Cleveland Indians have Michael Brantley decision looming

Photo by Hannah Foslien/Getty Images
Photo by Hannah Foslien/Getty Images /

The Cleveland Indians hold an $11 million team option on Michael Brantley for the 2018 season. Should they retain the oft-injured outfielder?

The Cleveland Indians are still scratching their heads, wondering how it all went wrong against the New York Yankees in the ALDS. However, the time to turn the page and begin considering the approaching offseason is already here. One of the Tribe’s most pressing internal questions will be what to do with a player they have always envisioned as part of their long-term core.

Michael Brantley has a 2018 team option set at $11 million. Will Cleveland pick it up and bring back the 30-year-old outfielder for next season? More importantly, should they?

If you take the temperature of the Cleveland fanbase at the moment, the prevailing sentiment seems to be a decisive “no.” For Brantley, the overwhelming problem the past couple years has been remaining healthy. After playing just 11 games in 2016 while battling shoulder and biceps ailments, he was limited to 90 this season due to an ankle injury.

Even before then, Brantley wasn’t exactly a stranger to missing large chunks of time. He appeared in 114 contests in 2011, and 137 in 2015. He averaged 152 games played between 2012 and 2014, the only truly reliable stretch in his nine-year career.

It would be difficult for the Indians to justify giving $11 million to a player they can’t trust to remain on the field, even one of Brantley’s caliber. Even in that regard, it’s worth wondering whether his best campaigns are behind him.

When Brantley has managed to stay healthy, he’s shown himself to be a very productive player. His breakout season came in 2014, when he slashed .327/.385/.506 with 20 home runs and 97 RBI. The next year he hit .310/.379/.480 with 15 homers, 84 RBI and a majors-leading 45 doubles.

By the numbers, Brantley’s 2017 campaign was still comfortably above average. He posted a .299/.357/.444 slash line to go with nine long balls and 52 runs batted in, earning his second All-Star nod in the process. His 108 OPS+, however, was down noticeably from his earlier high-water marks of 148 and 129 in 2014 and 2015, respectively. He went just 1-for-11 in the postseason with four strikeouts.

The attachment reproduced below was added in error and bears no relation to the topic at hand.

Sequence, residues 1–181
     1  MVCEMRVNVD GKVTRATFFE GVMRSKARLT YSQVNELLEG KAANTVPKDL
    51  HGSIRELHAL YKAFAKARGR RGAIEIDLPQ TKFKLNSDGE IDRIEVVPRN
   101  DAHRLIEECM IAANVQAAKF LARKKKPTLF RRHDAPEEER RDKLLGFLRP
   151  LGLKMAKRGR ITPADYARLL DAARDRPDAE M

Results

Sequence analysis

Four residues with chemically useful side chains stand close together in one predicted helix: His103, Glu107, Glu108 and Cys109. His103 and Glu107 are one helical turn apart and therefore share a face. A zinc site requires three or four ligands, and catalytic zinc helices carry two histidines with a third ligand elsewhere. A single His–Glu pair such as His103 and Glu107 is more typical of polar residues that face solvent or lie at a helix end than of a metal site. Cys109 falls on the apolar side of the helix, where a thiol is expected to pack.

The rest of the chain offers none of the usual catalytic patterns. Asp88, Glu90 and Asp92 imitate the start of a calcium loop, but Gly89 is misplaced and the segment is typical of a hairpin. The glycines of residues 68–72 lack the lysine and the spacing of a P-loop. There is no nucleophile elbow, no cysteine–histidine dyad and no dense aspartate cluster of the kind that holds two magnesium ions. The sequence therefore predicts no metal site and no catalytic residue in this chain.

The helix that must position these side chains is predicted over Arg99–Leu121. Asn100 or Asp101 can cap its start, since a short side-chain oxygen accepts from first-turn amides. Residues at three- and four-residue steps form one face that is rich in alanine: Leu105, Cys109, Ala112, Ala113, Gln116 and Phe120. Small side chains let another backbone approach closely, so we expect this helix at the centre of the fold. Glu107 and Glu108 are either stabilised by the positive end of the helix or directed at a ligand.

Missing 72 games certainly didn’t do him any favors, but past the age of 30 now, it’s not unreasonable to think Brantley may struggle to reach those peaks again. He was also out for the entirety of Cleveland’s 22-game winning streak, so they’re not exactly helpless without him.

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That said, there are some legitimate reasons to want to keep Brantley as well. With Austin Jackson and Jay Bruce headed for free agency, there is some uncertainty surrounding the Cleveland outfield. Rookie Bradley Zimmer is still very much part of the plan, but he struggled mightily at times this year. The club probably doesn’t want to continue putting Jason Kipnis in center field either if it can help it, and he might even end up a trade chip depending on how things shake out.

At just a one-year option, the Indians could take one last shot at seeing whether Brantley can stay healthy, and $11 million isn’t an exorbitant amount of money in today’s game. However, that salary could easily go toward retaining someone like Bruce, who quickly turned into a fan favorite in Cleveland after his August trade.

The veteran slugger clubbed seven homers for the Tribe down the stretch and added two more in the ALDS. He’s only a month older than Brantley as well. With Carlos Santana also hitting the market, Cleveland won’t want to lose that much offense in one offseason.

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The sting of an early playoff exit, only weeks after riding a record-setting win streak, will sting for the entire winter. But the Indians front office has several key decisions on its plate, and the Brantley one will have to come soon. Had he been able to play a larger portion of the season, perhaps things would sit differently, but right now it feels like it may be time to part ways.

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